Jean Rottner (UMP)
Points of interest
Cite de lAutomobile, Cite du Train, Parc Zoologique et Botanique de Mulhouse, Temple Saint-Etienne
University of Upper Alsace
Map of Mulhouse
Mulhouse ([myluz]; Alsatian: Milhüsa or Milhüse, [mɪlˈyːzə]; German: Mülhausen; i.e. mill house) is a city and commune in eastern France, close to the Swiss and German borders.
- Map of Mulhouse
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- Bonsai euro top 30 les arbres du soleil folie flore 2010 mulhouse
- Main sights
- Principal economic activities
- Urban transport
- International relations
With a population of 112,063 in 2013 and 284,739 inhabitants in the metropolitan area in 2012, it is the largest city in the Haut-Rhin département, and the second largest in the Alsace region after Strasbourg. Mulhouse is the principal commune of the 33 making up the communauté d'agglomération Mulhouse Alsace Agglomération (M2A, population 267,759).
Mulhouse is famous for its museums, especially the Cité de l’Automobile (also known as "Musée national de l’automobile") and the Musée Français du Chemin de Fer (also known as "Cité du train"), respectively the largest automobile and railway museums in the world. An industrial town nicknamed "the French Manchester", Mulhouse is also the main seat of the Upper Alsace University, where the secretariat of the European Physical Society can be found.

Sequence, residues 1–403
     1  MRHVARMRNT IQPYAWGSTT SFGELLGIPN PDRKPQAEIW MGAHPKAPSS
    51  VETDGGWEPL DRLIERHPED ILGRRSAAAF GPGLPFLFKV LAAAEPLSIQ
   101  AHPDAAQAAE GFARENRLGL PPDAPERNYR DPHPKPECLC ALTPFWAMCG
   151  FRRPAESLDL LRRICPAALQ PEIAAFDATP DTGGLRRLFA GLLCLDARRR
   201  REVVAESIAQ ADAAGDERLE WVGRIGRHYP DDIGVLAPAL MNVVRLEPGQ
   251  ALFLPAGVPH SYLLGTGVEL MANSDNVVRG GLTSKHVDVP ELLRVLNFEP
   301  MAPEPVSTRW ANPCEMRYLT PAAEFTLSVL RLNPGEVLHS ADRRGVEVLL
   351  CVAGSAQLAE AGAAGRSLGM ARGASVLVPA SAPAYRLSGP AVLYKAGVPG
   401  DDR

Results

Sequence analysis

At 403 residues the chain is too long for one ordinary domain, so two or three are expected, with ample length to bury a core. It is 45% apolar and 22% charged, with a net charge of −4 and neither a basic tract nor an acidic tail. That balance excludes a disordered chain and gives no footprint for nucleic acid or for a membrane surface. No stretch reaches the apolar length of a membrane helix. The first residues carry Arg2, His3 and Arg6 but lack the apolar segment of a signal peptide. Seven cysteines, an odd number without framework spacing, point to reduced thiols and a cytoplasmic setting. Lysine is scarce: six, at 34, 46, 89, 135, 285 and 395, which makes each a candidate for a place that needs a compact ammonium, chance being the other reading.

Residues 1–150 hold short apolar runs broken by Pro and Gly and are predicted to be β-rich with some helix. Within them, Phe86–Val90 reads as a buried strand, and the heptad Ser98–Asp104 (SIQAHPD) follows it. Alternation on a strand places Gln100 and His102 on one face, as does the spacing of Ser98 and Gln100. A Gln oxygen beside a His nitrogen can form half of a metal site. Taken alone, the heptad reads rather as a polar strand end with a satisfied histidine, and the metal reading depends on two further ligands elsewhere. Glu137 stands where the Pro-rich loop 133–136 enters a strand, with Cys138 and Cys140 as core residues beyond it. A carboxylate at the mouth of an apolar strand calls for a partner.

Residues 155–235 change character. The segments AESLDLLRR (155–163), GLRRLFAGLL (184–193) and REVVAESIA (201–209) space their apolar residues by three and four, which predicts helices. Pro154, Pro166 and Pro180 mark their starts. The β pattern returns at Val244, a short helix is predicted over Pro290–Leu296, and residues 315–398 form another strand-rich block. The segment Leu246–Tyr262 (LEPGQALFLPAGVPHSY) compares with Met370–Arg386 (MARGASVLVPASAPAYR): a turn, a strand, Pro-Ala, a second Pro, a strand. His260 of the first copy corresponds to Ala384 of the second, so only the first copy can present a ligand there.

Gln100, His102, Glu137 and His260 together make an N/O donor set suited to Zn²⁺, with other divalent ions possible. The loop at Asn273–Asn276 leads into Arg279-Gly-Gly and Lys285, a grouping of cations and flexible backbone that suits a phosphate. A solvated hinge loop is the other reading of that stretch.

Visit polar bears swim video at mulhouse zoo travel polar bear novosibirsk zoo holidays
Bonsai euro top 30 les arbres du soleil folie flore 2010 mulhouse
Mulhouse is the chief city of an arrondissement of the Haut-Rhin département, of which it is a sub-prefecture.
Legends mention the origin of the town in 58 BC, but the first written records of Mulhouse date from the twelfth century. It was part of the southern Alsatian county of Sundgau in the Holy Roman Empire. From 1354–1515 Mulhouse was part of the Décapole, an association of ten Free Imperial Cities in Alsace. The city joined the Swiss Confederation as an associate in 1515 and was therefore not annexed by France in the Peace of Westphalia in 1648 like the rest of the Sundgau. An enclave in Alsace, it was a free and independent Calvinist republic, known as Stadtrepublik Mülhausen, associated with the Swiss Confederation until, after a vote by its citizens on 4 January 1798, it became a part of France in the Treaty of Mulhouse signed on 28 January 1798, during the Directory period of the French Revolution.
Starting in the middle of the eighteenth century, the Koechlin family pioneered cotton cloth manufacturing; Mulhouse became one of France's leading textile centers in the nineteenth century. André Koechlin (1789–1875) built machinery and started making railroad equipment in 1842. The firm in 1839 already employed 1,800 people. It was one of the six large French locomotive constructors until the merger with Elsässische Maschinenbau-Gesellschaft Grafenstaden in 1872, when the company became Société Alsacienne de Constructions Mécaniques.